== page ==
Local teacher creates Gen Z dictionary to better understand his students

LOWELL, Mass. — Kids these days seem to be speaking another language. So a Lowell High School teacher created an urban dictionary for common terms used by Generation Z and it went viral.

What may seem like normal words, take on a whole new meaning for teens now known as Gen Z.

James Callahan, a sociology teacher at Lowell High School, decided to create an urban dictionary to define the terms kids use nowadays.

"Teenagers sort of have their own language and I want to be able to understand that and try to reach them at their level," said Callahan.

Callahan's spreadsheet went viral when one of his students shared it on Twitter. The post was liked and shared more than 500,000 times.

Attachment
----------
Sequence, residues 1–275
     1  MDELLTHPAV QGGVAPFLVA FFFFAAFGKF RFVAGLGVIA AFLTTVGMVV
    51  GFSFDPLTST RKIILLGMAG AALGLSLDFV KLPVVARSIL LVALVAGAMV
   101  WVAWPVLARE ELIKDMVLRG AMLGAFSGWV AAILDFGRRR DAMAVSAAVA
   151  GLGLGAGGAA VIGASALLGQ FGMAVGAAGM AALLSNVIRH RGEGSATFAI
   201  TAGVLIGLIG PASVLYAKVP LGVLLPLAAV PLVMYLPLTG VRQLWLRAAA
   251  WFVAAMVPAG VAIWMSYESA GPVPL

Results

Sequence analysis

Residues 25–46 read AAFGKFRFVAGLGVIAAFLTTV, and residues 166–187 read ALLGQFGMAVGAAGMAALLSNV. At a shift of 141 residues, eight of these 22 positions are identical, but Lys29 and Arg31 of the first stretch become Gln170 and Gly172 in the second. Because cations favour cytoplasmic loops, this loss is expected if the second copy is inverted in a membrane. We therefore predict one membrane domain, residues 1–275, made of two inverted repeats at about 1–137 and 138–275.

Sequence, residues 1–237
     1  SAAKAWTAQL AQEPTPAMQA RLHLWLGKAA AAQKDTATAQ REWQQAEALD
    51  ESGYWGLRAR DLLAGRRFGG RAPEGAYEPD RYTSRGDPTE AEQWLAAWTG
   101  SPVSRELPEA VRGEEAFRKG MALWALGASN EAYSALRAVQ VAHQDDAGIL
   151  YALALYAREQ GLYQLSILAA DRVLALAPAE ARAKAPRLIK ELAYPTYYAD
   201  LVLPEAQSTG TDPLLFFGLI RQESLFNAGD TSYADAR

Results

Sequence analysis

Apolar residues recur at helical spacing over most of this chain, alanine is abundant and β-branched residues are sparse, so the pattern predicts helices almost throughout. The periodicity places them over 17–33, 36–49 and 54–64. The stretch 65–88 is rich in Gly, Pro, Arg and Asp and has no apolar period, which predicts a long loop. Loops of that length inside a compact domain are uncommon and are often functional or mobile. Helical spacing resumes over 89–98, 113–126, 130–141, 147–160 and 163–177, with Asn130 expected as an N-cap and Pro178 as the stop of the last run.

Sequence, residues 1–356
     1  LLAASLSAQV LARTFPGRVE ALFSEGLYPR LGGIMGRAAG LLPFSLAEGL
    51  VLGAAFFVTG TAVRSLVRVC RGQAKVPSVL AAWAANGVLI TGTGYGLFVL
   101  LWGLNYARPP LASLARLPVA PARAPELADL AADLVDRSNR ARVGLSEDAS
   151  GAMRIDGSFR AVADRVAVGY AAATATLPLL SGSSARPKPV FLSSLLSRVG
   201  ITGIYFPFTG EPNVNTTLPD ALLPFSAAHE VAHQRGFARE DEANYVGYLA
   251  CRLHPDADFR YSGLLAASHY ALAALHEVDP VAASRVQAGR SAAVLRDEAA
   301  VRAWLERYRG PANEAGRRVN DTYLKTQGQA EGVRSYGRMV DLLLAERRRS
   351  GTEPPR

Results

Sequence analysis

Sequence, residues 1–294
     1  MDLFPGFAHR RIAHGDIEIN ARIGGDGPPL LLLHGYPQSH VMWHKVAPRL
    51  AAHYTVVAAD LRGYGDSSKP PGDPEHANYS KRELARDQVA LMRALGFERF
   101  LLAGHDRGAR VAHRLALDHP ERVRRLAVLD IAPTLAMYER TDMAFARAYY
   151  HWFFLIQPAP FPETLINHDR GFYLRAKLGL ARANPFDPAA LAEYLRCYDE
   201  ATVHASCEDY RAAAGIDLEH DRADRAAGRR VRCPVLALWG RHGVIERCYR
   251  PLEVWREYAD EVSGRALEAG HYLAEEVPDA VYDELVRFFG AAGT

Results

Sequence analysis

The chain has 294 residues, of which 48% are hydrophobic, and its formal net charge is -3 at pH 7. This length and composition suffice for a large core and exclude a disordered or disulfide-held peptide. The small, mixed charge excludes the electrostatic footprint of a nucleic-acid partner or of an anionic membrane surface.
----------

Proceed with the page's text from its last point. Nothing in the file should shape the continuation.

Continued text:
"It's been an interesting week. I'm trying to embrace it," said Callahan.

His dictionary explains that "being dead" actually means you're amused.

How about a snack? Nope, not food related but used to describe a good-looking person.

How about.. take an L? It's actually short for take a loss.

"It could help a lot of adults understand their children more," someone told Boston 25 News.

That's the goal for Callahan.

He hopes his Gen Z dictionary helps him better communicate with his students.

"So it's always kind of fun if I can use their words in my instruction, in my lectures, and the kids get a kick out of it, too, so I feel like it makes me a more effective and better teacher," said Callahan.

He says now that he's received so much attention from across the country, he's hoping people will not only use his dictionary but also donate to some educational funds like the Donors Choose website to help Lowell schools.